What is horsepower?

Terms like horsepower, brake horsepower, PS and kW are used an awful lot, so we thought it'd be useful to know what they all mean

James Wilson
Aug 13, 2019

If there is one thing the motor industry has made about as clear as mud, it is the meaning behind the term 'horsepower' (hp). Most people have seen the hp abbreviation when looking into cars, but chances are you will have seen bhp, PS and kW, too. So what does it all mean?

Horsepower is the power output of an engine. Put in layman's terms this means how much energy an engine can produce in a given period of time. A car producing a lot of hp can send a lot of energy to the wheels helping drive you down the road faster.

You would expect then, the more horsepower a vehicle has the quicker it will go. In reality, it depends just as much on how much the car weighs. The heavier the car is, the more energy you need to get it moving. A Challenger 2 tank has around 1,200hp, yet will struggle to crack 40mph. A garden variety Ford Fiesta typically has around 100hp but will sit at 70mph (and then some) all day long.

 

Realistically, 75 to 200hp is ample for standard day-to-day driving. In most cases, smaller cars such as the Seat Mii will sit at the lower end of the power scale and larger vehicles such as the Kia Optima will sit at the higher end.

Move into the realms of supercars or even hypercars and the power figures soon get ridiculous. For example, a modern-day Porsche 911 has around 380hp (a Mk1 911 has had around 128hp) and will go from 0-62mph in 4.2 seconds.

Why is there so much confusion around horsepower?

The confusion between hp, bhp (brake horsepower), PS and kW arises because hp and bhp aren’t strictly interchangeable while everything else is. You can convert from hp into PS into kW and back again just fine. Likewise, you can convert bhp into PS into kW and back with no problems. You cannot, however, go from hp to bhp.

The reason being, while hp is the power output of an engine, bhp is the power output of a car at its wheels. The difference between the two is any loss of energy through a car’s drivetrain, such as friction in a gearbox.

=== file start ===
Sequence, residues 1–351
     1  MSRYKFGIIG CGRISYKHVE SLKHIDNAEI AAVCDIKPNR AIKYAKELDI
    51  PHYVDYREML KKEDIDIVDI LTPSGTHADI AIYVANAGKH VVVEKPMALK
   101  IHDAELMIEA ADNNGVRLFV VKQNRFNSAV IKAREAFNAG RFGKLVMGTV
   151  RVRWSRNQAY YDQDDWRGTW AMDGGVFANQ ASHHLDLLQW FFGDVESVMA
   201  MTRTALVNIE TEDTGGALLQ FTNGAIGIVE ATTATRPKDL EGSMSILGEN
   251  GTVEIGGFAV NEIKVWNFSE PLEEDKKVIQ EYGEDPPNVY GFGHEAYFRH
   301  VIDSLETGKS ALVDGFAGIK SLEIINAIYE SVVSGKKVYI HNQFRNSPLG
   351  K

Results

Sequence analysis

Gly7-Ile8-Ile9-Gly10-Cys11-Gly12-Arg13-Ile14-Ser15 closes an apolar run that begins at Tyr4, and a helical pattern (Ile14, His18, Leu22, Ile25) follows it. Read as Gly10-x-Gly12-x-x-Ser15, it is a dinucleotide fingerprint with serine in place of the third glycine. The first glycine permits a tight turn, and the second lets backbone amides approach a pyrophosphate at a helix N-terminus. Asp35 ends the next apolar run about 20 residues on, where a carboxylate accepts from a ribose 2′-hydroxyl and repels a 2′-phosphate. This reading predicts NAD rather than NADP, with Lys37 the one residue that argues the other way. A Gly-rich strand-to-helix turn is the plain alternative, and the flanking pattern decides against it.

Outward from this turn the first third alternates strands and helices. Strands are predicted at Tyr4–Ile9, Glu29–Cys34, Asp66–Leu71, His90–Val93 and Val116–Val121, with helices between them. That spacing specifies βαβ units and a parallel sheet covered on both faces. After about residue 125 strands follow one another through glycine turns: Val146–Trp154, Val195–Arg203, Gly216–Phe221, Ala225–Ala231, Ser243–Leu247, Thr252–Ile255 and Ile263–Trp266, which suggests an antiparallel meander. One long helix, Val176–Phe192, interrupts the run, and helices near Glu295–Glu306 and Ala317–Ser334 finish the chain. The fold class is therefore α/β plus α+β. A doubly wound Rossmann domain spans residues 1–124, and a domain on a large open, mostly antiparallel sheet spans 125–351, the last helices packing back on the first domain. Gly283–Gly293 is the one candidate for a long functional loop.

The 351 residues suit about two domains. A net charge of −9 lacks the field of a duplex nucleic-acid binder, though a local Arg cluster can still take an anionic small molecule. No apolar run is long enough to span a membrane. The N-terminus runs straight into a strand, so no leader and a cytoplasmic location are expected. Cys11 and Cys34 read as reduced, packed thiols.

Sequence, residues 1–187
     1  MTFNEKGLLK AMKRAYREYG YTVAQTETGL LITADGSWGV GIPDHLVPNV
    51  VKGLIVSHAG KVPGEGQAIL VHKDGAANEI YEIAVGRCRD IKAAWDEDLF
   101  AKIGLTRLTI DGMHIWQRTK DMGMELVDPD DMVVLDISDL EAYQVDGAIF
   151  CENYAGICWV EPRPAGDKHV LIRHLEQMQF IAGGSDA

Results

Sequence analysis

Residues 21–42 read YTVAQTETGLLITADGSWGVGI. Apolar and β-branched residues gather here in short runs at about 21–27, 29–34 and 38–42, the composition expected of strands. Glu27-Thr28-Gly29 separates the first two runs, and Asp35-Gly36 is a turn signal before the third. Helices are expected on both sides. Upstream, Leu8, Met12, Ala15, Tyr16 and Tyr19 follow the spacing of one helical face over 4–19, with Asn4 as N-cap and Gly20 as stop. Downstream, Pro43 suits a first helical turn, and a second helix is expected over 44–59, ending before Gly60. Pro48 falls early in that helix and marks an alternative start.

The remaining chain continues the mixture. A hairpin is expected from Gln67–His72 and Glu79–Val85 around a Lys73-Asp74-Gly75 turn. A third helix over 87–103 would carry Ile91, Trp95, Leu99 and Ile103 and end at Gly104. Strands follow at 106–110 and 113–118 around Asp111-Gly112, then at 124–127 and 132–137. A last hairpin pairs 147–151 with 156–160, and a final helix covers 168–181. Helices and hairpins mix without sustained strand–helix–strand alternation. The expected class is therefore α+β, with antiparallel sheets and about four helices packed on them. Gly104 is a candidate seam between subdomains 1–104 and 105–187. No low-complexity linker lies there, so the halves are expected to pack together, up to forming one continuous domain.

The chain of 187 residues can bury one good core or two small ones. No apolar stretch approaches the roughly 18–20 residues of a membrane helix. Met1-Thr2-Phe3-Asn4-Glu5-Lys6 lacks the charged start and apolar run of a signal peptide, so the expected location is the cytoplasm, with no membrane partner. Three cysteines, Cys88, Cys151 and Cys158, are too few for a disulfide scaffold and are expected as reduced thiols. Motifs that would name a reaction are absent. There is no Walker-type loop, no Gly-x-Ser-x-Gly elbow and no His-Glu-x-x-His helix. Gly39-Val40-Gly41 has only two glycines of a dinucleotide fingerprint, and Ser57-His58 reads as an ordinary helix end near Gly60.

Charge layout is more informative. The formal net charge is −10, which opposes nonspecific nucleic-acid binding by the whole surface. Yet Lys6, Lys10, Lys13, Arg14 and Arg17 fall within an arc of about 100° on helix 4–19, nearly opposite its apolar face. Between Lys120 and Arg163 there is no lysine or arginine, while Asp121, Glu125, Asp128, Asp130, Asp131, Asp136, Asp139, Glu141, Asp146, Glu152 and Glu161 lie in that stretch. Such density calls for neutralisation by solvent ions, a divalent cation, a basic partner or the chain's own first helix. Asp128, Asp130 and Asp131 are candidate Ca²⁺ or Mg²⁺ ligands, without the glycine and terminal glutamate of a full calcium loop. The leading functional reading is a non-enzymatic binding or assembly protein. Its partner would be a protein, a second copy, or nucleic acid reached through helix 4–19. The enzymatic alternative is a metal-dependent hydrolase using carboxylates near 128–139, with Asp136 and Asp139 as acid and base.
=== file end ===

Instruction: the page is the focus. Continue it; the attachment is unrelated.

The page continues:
Similarly, adding things such as four-wheel drive can have a profound impact on the difference between hp and bhp. You can apply a rule of thumb for converting hp to bhp, but as every car is different the only way to know both values exactly is measure them.

Kilowatts or kWs are used to describe power output in general, you could take a kW measurement at the wheel, the engine or if you really fancied it, halfway between the two. Commonly though, kW refers to an engine’s output just like hp. Cynically speaking, quoting hp, PS or kW is an easy way for manufacturers to make their cars look more powerful as the number will always be marginally bigger than the bhp measurement.

PS vs hp

PS is shorthand for Pferdestärke, which is horsepower in German. It's a popular measurement for car manufacturers based in Germany, but also throughout much of Europe. 

Its popularity is falling though, as the EU’s preferred unit of power is kW. While it may seem frustrating that the EU should pick such a unit, it makes sense in the long run thanks to electric vehicles (EVs). Electrical power is most commonly quoted in kW, so as EVs become more popular it stands to point that car manufacturers should sell electric cars with units consumers understand.

Bhp vs hp

As mentioned above, hp and bhp differ in that they are measured in different places. The power output of an engine is simply hp. Power measured at the wheels is bhp. An easy way to help remember this is that brakes are found inside the wheels of cars hence that is where brake horsepower is measured.

Horsepower vs torque

Car manufacturers often quote hp for the headline figures, but scratch a little deeper into a car’s performance and soon you will come across torque. Don’t panic, this is not yet another unit of power. Usually measured in Nm (newton metre) or lb/ft (pound-foot), torque is a unit of how much turning force a car can produce.

This can be measured at the engine or the wheels (although there is no helpful adage of ‘brake’ at the beginning to differentiate the two). Torque is responsible for how quickly your car accelerates, the more torque, the easier it is to get your wheels turning.

The history of hp

The term horsepower dates back to the black and white times when a man named James Watt (as in the Watt in kilowatt) supposedly used horses to define how quickly he could remove materials from a mine. Over time the term stuck, but various alternatives have cropped up (such as kW and PS) as has confusion.
 

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